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Over the past three seasons, Dodgers catcher Russell Martin has seen his average drop from .280 to .250 to .248. ((Jacob de Golish/Getty Images))

Canadian catcher Russell Martin could be moving closer to home before the clock strikes 12:01 a.m. ET Friday.

The Toronto-born 27-year-old continues to recover from a right hip injury that ended his 2010 season in early August but is unsure of his athletic future with baseball's deadline for tendering players contracts for 2011 looming.

There appear to be three possibilities for Martin, currently under the control of the Los Angeles Dodgers:

  • The Dodgers could re-sign him at a minimum of $4.04 million US. Martin earned $5.5 million last season and can't have his salary cut by more than 20 per cent under baseball's collective bargain agreement if they tender him.
  • They could trade Martin, with the Boston Red Sox reportedly interested.
  • The Dodgers could non-tender him and get nothing in return as Martin would be declared a free agent. According to the Boston Herald, Boston has long admired Martin, despite his statistics declining in each of the past three seasons.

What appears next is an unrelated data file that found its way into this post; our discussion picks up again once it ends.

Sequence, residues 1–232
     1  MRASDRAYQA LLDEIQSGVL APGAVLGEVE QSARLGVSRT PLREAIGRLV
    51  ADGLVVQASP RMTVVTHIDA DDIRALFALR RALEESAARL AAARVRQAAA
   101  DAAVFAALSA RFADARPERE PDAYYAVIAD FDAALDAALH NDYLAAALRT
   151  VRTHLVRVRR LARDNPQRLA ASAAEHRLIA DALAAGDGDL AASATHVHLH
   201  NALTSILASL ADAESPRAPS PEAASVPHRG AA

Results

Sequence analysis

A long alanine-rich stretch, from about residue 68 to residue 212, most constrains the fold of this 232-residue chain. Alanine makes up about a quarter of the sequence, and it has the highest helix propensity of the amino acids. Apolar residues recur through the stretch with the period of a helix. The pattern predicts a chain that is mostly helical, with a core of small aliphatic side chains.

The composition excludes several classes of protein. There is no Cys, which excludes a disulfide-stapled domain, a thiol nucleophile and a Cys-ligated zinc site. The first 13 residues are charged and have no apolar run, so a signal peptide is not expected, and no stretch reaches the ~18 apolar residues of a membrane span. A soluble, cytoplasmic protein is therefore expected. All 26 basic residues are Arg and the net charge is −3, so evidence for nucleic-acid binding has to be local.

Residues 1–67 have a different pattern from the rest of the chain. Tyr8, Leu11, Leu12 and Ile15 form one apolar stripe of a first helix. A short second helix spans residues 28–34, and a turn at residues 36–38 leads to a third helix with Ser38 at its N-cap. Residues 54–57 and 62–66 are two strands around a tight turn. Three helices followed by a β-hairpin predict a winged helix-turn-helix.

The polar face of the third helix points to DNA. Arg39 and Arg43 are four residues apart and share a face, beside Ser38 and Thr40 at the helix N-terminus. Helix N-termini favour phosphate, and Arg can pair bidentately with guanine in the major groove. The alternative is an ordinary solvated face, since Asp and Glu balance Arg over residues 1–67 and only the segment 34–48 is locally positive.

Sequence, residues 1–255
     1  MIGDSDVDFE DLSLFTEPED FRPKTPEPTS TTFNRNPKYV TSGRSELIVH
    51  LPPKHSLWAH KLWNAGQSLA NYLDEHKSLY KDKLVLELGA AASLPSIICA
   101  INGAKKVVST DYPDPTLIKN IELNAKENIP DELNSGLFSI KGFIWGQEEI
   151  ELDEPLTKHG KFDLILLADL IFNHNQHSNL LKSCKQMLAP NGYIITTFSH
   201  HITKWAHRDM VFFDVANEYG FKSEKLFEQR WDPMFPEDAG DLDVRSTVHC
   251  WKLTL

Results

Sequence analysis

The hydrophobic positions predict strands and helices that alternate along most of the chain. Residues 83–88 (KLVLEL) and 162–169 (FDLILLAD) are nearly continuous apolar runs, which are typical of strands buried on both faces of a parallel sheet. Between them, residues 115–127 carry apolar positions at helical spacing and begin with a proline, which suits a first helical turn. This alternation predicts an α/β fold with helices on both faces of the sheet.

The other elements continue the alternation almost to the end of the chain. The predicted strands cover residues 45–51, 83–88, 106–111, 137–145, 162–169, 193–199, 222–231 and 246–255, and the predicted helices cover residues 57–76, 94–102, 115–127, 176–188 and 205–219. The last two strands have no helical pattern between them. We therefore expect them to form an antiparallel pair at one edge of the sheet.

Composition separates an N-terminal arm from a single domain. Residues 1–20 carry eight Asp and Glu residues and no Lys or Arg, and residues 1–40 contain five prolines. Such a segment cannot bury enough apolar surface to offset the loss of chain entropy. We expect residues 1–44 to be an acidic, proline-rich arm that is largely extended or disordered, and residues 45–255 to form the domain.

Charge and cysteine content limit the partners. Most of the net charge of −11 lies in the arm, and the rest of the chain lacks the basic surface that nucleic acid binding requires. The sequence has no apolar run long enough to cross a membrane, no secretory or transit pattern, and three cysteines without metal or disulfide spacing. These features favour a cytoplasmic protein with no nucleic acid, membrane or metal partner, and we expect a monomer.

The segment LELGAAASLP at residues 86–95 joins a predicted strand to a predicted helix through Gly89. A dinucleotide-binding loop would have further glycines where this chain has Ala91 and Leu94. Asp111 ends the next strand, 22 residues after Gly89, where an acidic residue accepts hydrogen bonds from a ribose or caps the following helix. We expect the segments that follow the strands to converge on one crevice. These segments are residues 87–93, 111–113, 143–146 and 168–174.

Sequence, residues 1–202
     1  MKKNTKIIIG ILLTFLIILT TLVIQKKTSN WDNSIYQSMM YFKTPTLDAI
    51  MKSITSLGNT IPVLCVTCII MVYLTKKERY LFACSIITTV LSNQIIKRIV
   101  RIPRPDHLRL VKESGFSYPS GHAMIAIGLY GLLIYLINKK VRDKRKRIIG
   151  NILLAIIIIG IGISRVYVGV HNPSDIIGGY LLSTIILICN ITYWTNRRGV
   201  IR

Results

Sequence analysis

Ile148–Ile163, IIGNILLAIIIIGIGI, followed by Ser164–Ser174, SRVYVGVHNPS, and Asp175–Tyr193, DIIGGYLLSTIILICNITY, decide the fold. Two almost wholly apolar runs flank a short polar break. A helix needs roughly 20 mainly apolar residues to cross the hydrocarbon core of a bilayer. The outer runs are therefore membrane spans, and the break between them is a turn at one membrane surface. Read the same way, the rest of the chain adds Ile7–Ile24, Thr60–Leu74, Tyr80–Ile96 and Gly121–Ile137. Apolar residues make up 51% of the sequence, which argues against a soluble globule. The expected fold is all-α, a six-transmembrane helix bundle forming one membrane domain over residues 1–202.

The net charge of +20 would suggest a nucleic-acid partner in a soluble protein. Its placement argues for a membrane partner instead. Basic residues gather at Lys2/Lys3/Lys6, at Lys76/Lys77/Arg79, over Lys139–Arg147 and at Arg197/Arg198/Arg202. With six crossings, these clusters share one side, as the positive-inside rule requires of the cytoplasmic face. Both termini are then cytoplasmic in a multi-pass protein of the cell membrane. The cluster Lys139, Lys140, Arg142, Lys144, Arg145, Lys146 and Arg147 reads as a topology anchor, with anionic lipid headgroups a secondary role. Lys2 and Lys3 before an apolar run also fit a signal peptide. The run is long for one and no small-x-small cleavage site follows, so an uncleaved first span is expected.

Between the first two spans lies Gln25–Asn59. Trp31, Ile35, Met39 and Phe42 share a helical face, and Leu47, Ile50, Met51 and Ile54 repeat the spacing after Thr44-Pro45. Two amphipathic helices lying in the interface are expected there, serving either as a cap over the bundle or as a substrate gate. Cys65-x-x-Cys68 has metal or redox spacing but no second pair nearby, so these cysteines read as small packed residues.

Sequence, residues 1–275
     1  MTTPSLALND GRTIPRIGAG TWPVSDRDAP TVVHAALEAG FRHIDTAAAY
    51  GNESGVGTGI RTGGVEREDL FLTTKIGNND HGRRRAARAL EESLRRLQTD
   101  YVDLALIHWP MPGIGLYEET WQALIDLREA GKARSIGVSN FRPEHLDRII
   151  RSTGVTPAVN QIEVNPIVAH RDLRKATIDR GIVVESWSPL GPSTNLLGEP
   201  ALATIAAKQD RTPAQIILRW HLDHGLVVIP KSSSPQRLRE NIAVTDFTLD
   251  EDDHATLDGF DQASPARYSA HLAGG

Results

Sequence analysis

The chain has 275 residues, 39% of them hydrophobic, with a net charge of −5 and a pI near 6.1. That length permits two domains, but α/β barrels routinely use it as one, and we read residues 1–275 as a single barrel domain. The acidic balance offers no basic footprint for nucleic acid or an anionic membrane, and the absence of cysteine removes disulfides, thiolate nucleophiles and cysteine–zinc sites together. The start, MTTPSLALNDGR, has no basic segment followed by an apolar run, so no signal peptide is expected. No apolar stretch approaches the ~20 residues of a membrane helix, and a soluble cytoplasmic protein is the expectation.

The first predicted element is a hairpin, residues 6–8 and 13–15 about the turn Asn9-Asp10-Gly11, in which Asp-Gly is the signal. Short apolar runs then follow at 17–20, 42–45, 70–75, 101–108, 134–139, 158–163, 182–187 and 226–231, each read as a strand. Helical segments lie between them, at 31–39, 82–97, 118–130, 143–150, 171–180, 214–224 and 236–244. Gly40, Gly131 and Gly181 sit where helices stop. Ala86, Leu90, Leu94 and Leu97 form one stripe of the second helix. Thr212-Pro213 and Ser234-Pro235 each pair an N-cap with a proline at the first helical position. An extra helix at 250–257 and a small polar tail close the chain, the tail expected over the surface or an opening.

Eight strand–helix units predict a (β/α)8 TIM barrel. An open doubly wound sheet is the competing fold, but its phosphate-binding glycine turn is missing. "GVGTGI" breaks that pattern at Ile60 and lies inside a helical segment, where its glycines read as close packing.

Martin posted a batting average of .248 in 2010, down from .250 the previous season and .280 in 2008. He hit a career-best 19 home runs in 2007 but swatted 13, seven and five the next three years.

Martin also went from a career-high of 87 runs batted in to a low of 26 in 97 contests in 2010.

Matt Colleran, Martin's agent, has attempted to engage Los Angeles general manager Ned Colletti in pre-deadline contract talks, but told the L.A. Times earlier this week he hasn't spoken to the club in about a week and hasn't received a formal offer for his client.

Colleran confirmed to MLBTradeRumors.com that Martin did not suffer any damage, such as a tear, to his hip while stepping awkwardly as he crossed home plate in a game against San Diego on Aug. 3.

"In his last medical visit on Nov. 4, his medical reports confirmed that the fracture was healing quickly, there were no complications to the healing since the injury [and] no surgery was ever performed or needed," said Colleran of Martin.